After everything is blended, return soup to pot and add cream sauce. Mix up until thoroughly incorporated and enjoy! You can serve it with sandwiches, bread, or whatever your favorite accompaniment is.


Dec 9

Today my (almost) 2 and 3 year old and I made our first batch of holiday cookies. I say “first” but it might also be the last. Baking cookies with kiddos can take it out of you!

We made Raspberry Window Shortbreads from Sunset Magazine. It uses their Butter Shortbread recipe – what’s not to like about butter, sugar, and flour? The recipe was simple, but we did have to mix it for a LONG time (like ten minutes) to get the dough to transform from crumbs into slightly stickier crumbs! The recipe calls for chilling the dough for 30 minutes, so while we did that, we made a second batch of gingerbread dough. All of these recipes are new to us!

The raspberry window shortbreads are so pretty, and they taste great! We only made a very small pan of them (both boys were going wild at that point, plus the baby was crying. I had to power through the last five minutes). When I finish the batch (by MYSELF, later), I am going to make the rest of them the smaller cookie size shown here (about 2″) and make sure I roll the dough out thin enough. They’re rich!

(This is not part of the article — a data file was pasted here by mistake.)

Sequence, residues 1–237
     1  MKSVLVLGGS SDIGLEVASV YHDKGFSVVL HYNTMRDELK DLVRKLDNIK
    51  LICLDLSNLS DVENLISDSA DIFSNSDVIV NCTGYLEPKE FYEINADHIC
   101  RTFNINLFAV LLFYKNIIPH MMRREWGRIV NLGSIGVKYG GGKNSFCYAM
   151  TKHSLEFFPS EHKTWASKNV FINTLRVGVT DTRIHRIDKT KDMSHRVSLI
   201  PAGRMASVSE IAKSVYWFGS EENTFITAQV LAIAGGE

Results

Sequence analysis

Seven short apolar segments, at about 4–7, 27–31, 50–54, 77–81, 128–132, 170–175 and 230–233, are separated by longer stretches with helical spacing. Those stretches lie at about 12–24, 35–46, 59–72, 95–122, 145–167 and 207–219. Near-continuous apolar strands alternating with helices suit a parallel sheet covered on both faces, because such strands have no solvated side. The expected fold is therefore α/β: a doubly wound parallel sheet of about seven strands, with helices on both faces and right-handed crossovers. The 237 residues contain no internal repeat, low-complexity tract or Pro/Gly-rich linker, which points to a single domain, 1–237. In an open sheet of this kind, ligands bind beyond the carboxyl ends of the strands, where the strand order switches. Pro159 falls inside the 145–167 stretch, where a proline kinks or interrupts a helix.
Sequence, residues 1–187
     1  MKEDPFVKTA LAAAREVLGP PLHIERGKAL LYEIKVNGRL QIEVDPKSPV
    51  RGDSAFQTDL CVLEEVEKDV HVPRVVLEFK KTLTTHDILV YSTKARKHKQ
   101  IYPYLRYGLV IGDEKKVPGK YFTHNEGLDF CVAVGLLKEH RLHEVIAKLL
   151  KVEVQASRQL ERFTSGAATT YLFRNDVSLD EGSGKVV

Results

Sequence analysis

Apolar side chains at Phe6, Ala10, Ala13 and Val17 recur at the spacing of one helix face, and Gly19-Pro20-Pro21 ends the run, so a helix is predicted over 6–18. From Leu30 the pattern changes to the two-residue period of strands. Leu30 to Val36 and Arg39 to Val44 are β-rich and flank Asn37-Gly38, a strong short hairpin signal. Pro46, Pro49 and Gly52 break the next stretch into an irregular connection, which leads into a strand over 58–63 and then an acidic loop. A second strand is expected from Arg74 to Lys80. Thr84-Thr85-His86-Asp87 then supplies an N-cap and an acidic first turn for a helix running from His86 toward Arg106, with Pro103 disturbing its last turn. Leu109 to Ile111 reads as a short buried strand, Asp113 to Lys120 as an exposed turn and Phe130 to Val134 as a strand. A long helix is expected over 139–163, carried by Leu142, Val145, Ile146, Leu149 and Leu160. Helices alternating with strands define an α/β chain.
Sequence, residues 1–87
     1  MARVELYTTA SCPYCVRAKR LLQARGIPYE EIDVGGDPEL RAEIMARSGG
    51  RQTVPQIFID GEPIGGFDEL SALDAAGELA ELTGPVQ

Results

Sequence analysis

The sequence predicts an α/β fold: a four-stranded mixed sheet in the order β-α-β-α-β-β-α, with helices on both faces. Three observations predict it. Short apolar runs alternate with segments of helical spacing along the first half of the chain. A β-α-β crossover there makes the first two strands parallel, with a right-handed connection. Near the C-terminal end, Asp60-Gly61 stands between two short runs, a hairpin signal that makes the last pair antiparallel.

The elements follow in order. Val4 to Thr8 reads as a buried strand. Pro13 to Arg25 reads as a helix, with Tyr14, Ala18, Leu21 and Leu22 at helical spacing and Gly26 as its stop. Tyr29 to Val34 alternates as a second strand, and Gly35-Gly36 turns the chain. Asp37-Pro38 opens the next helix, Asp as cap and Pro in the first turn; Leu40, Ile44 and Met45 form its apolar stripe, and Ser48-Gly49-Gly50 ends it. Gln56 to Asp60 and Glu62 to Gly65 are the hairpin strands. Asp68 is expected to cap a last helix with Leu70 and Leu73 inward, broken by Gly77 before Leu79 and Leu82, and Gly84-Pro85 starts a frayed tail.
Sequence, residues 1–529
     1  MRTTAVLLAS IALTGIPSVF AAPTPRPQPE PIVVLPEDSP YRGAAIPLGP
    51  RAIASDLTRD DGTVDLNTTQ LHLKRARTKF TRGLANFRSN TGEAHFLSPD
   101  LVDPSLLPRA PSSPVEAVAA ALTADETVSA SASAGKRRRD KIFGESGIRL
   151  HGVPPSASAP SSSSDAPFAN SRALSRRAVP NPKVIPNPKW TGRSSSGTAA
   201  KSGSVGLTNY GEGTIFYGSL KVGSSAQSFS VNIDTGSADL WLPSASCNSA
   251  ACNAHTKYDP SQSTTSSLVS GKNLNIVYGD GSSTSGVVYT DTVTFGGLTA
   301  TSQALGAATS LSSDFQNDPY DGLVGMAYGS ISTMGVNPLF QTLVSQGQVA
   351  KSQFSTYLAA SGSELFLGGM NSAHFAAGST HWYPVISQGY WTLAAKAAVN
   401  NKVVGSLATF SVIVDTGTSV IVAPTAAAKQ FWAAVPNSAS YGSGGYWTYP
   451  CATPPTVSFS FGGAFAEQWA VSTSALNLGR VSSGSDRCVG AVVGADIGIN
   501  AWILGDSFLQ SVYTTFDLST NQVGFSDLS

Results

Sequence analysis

• 2  cups  flour
  • 1  cup  cold unsalted butter, cubed
  • 1/2  cup  granulated sugar
  • 1/4  teaspoon  salt
  • 2  tablespoons  coarse sugar (sometimes called sparkling sugar)*


1. Preheat oven to 325°. Put flour, butter, granulated sugar, and salt in the bowl of a stand mixer. Mix on low speed until blended, then increase to medium and mix until dough is no longer crumbly and just comes together. Form into disk, and chill 30 minutes.

On a lightly floured work surface, roll dough 1/8 in. thick. Use a selection of 1½-in. decorative cutters to cut as many shapes as you can, making sure you have an equal number of each shape to form a top and a bottom, and rerolling scraps as needed.